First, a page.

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I'm wondering what are the specific differences in the terminology we use for grouping related parts of code. I've sometimes seen the terms used interchangeably: many OO languages even use the keyword "function" to define a method. (Why?)

If you wanted to be precise, what are the specific meanings of each? Or is it just whatever each language chooses to call it?

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The only two languages I'm aware of that use function for methods are JavaScript and PHP. Both use the same keyword for non-methods (free functions), and in the case of JavaScript there isn't really a distinction between functions and methods, at least not at language level. – delnan Dec 4 '11 at 0:31
Examples: in VB.Net Sub is a Function without a return value. In Python you can have a function that is not part of any class, so it is not a method. You can also declare functions within functions, and you can do that in C# as well. Sometimes they have different names for the same reason that apples and pineapples do: because they are different. – Job Dec 4 '11 at 0:34
What have you found so far that makes you think there is a discrepancy? – JeffO Mar 11 at 16:35
up vote 18 down vote accepted
  • subprogram, subroutine "subroutine" probably comes from assembly language. Some processors include instructions to support subroutines as a way of organizing code and reusing common sections of code. For example, the 6502 processor had JSR (jump to subroutine) and RTS (return from subroutine) instructions. I remember it also being used a lot in structured programming, in which a program is a hierarchy of units of code which were sometimes called subroutines or subprograms. IMO, these are the most generic terms for some unit of code to which control is temporarily transferred for the purpose of completing a given task.

  • function, procedure These are often used interchangeably, but in some languages there's a distinction. In Pascal, a function is a subprogram that returns a value, while a procedure is a subprogram that doesn't. In C and related languages, every subprogram has a return type (even if it's void), so there's no distinction.

  • method, member function These are two names for the same thing -- essentially a function that's associated with a given class or object.

  • operator Every language has a set of built-in operators. In some languages, such as C++, operators are functions that can be overridden (i.e. replaced) and/or overloaded (i.e. defined for new types).

  • anonymous function As the name indicates, this refers to a function without a name. Anonymous functions are essentially blocks of code that can be assigned to variables or passed as parameters for subsequent use, for example as a completion routine.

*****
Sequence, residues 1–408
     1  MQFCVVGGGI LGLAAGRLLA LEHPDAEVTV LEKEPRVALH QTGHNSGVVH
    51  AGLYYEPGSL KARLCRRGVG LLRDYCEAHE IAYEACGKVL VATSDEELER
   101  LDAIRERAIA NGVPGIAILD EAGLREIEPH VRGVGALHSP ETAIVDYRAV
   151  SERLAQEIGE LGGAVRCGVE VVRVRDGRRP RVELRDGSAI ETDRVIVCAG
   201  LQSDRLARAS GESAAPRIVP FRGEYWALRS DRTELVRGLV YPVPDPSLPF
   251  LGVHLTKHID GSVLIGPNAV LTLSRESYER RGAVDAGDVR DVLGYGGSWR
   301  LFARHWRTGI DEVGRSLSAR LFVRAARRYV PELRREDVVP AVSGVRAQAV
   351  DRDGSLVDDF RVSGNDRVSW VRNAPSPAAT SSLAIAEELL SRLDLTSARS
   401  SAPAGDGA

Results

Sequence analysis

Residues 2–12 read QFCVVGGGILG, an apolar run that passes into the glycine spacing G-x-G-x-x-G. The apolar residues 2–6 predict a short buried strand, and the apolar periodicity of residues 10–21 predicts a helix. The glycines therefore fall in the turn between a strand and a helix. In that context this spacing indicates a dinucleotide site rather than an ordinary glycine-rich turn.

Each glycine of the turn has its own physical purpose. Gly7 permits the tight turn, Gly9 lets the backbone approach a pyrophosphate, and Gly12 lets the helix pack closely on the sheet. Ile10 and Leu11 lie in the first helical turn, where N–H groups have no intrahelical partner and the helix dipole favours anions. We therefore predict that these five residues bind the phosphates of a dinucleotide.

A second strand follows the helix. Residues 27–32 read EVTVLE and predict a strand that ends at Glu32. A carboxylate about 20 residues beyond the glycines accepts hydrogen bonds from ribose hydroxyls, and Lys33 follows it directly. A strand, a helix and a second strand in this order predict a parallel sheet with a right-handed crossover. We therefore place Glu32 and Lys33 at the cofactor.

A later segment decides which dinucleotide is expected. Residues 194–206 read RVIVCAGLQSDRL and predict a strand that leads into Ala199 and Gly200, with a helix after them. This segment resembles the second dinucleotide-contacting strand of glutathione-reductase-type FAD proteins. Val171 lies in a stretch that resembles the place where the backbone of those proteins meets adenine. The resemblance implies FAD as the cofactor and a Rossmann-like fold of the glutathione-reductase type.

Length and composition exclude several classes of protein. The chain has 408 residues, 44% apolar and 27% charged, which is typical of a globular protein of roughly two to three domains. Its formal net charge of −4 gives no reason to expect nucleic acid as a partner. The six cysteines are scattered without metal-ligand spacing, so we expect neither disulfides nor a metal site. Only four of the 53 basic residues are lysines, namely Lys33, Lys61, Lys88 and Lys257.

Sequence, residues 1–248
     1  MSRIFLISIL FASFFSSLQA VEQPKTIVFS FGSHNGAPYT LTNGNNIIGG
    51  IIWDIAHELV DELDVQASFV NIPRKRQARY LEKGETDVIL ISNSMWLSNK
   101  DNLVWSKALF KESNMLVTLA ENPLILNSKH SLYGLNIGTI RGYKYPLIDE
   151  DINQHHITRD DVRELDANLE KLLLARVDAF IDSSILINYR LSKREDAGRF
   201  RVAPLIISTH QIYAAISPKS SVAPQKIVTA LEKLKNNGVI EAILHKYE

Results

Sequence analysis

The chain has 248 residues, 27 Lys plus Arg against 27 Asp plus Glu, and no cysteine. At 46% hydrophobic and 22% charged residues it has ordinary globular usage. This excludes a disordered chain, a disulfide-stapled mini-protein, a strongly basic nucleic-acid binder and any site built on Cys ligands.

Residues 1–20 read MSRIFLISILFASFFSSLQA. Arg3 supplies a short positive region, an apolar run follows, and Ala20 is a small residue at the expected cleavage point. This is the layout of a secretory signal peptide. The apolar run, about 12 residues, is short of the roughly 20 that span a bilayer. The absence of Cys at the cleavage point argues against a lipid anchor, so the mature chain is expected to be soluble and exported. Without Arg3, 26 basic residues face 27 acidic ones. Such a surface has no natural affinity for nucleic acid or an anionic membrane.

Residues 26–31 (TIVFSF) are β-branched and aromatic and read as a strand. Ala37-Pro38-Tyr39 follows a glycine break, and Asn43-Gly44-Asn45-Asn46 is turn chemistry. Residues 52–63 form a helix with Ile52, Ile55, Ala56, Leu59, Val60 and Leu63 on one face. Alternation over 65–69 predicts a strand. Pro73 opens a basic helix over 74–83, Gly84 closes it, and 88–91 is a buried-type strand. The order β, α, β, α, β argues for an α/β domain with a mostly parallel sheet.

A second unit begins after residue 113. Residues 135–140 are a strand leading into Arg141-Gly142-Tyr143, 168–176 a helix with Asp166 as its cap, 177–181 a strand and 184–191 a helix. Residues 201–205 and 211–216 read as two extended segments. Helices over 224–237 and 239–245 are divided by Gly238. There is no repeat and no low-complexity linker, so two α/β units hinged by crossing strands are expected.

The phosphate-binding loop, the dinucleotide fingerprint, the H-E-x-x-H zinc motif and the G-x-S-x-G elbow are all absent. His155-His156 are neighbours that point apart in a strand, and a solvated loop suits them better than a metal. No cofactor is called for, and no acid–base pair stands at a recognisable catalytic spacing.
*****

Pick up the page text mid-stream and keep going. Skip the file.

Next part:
• closure, lambda expression, block A closure is a chunk of code that's bound to a set of variables. I think of closures as anonymous functions plus context.

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Not all languages come with built-in operators. Some, like Scheme and Haskell, just let you define functions with names like '+' or '>>='. Also, you should probably add that in some languages (like Scheme), "function" implies referential transparency (e.g. it always returns the same value for the same input with no side-effects) while procedure doesn't. Otherwise, great answer. – Tikhon Jelvis Dec 4 '11 at 21:14

It depends on the languages, what you can do with them

  • do you need a distinction
  • is there a distinction in the syntax, or is it just convenience, when talking about code

AFAIK, in Basic, if you call something, which does not return anything, but performs a job with side effects, like printing, write to file or change a global variable, it was called a procedure.

If it returns something, it was called a function.

In an OOP-Language like Java I rarely met the term 'function', but 'method', and it was teached that functions are things which are global and can be called by everyone.

In the functional and OOP-language scala, a method isn't called function, but you can pass such a thing to another method, and then it becomes a function.

A subroutine is a routine, which is called by another routine, to my understanding.

In summary, I don't think there is a concise definition over all languages and more so paradigms. You have to consider the specific culture, you're in, if you use these terms - maybe you should introduce your definition first.

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I'd say depending on context, all those words could mean the same thing or wildly different things, for example what Caleb has written (but there is more, i.e. languages where operators are first-class functions etc.). So, it's hard to give a specific definition, and wise to not assume too much unless the context (programming language) is known.

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